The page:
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Who more evil Frankenstein or his creation?

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Frankenstein Course work Acts of evil are seen in many different ways from different points of view: some people judge the evil acts by how they where influenced others judge the acts for what they are. Evil is defined in the dictionary as 'morally objectionable behaviour' For the purposes of this essay I will be focusing on the novel Frankenstein. The question that I will work on is "who more evil Frankenstein or his creation." Throughout the novel of "Frankenstein," neither Victor Frankenstein nor his monster acts more irresponsibly than the other does. Sometimes the circumstances of their actions contradict their intentions, but neither of them is more morally at fault for their actions. The question, who is more evil Frankenstein or his creation, I believe can only be answered as neither of them are more evil then the other. This can be proven by the stages that both of them grow morally. ...read more.


Also, it is proven when the monster says, "I could not conceive how one man could go forth to murder his fellow, or even why there were laws and governments" Being that both characters were of an innocent spirit, neither of them is more to blame than the other. The change from innocence was fuelled the greatness and the desire for human companionship. Victor's aspirations of greatness are to go down in the history of natural science by creating a man. This demonstrates Frankenstein's irrational feelings and break from innocence: "Winter, spring, and summer passed away during my labours; but I did not watch the blossom or the expanding leaves-sights which before always yielded me supreme delight-so deeply was I engrossed in my occupation." Also, humans corrupted the mind of Victor. Before Victor becomes familiar with human beings, his only interest is natural science. "My temper was sometimes violent, and my passions vehement; but by some law in my temperature they were turned, not towards childish pursuits, but to an eager desire to learn" ...read more.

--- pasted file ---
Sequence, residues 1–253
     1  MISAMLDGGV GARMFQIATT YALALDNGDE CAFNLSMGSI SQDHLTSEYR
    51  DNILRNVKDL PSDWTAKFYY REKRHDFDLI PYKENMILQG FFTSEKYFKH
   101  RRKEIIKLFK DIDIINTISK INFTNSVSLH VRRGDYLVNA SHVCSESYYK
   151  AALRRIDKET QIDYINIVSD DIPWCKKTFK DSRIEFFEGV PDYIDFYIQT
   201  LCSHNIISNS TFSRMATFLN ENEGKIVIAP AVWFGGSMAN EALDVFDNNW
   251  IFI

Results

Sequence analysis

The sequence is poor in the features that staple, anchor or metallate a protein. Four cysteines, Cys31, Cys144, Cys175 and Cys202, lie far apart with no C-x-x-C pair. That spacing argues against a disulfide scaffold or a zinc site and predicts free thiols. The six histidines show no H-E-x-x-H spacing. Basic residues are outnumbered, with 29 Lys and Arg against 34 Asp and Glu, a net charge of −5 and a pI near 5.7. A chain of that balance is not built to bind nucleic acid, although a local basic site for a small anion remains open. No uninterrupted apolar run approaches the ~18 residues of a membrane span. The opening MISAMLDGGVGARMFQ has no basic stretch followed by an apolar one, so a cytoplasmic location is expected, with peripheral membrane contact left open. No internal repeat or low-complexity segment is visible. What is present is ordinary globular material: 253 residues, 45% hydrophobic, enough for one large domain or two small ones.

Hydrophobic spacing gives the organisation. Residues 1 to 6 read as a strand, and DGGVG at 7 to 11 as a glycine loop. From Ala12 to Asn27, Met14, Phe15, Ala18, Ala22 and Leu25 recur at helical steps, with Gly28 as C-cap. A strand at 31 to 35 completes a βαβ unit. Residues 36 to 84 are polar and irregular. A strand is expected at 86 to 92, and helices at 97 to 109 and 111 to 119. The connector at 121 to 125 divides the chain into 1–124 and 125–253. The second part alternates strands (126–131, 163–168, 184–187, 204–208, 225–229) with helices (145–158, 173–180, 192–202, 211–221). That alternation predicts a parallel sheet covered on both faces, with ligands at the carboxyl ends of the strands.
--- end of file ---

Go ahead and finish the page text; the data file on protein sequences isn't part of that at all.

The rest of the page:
Therefore, Frankenstein and the monster's moral irresponsibility can both be blamed on society's concern with power and glory. Since their movement away from ignorance can be blamed on the same thing, neither of them is more reprehensible for their actions. Furthermore, since Frankenstein and his monster both share the same fate, they are equally wrongful in their actions. Victor's creation of a man is a hideous failure, and the monster's desire to benefit society is also a failure. Their guilty consciences, the greatest compass of morality in "Frankenstein", both lead them to their own self-destruction. The fates deal their judgment in equal quantities, because both men are equal in their moral responsibility. In conclusion, the circumstances present themselves differently to Frankenstein and the monster, giving the illusion that one of them is more wrongful. But since their moral growth is parallel, the consequences of their moral irresponsibility are therefore parallel. The tragic flaws of Victor and his creation, aspirations to power and desire for fellowship among men, bring about the same fate and moral repercussions, so that none of them can be blamed more so than the other. Joseph Maher ...read more.

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